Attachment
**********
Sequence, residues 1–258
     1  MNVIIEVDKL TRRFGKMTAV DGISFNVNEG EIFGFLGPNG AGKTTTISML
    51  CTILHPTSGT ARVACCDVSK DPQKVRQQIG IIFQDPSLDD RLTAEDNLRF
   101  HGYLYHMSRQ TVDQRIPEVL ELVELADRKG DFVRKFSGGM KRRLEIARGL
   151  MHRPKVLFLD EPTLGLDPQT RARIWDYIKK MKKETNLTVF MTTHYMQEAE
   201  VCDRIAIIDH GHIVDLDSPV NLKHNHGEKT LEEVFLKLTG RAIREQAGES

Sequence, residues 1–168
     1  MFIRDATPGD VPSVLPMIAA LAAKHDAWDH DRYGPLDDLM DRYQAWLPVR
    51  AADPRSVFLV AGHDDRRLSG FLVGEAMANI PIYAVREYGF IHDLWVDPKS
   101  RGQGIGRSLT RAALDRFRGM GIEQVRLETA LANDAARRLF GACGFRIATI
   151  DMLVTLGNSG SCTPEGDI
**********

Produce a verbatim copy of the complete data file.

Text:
Sequence, residues 1–258
     1  MNVIIEVDKL TRRFGKMTAV DGISFNVNEG EIFGFLGPNG AGKTTTISML
    51  CTILHPTSGT ARVACCDVSK DPQKVRQQIG IIFQDPSLDD RLTAEDNLRF
   101  HGYLYHMSRQ TVDQRIPEVL ELVELADRKG DFVRKFSGGM KRRLEIARGL
   151  MHRPKVLFLD EPTLGLDPQT RARIWDYIKK MKKETNLTVF MTTHYMQEAE
   201  VCDRIAIIDH GHIVDLDSPV NLKHNHGEKT LEEVFLKLTG RAIREQAGES

Sequence, residues 1–168
     1  MFIRDATPGD VPSVLPMIAA LAAKHDAWDH DRYGPLDDLM DRYQAWLPVR
    51  AADPRSVFLV AGHDDRRLSG FLVGEAMANI PIYAVREYGF IHDLWVDPKS
   101  RGQGIGRSLT RAALDRFRGM GIEQVRLETA LANDAARRLF GACGFRIATI
   151  DMLVTLGNSG SCTPEGDI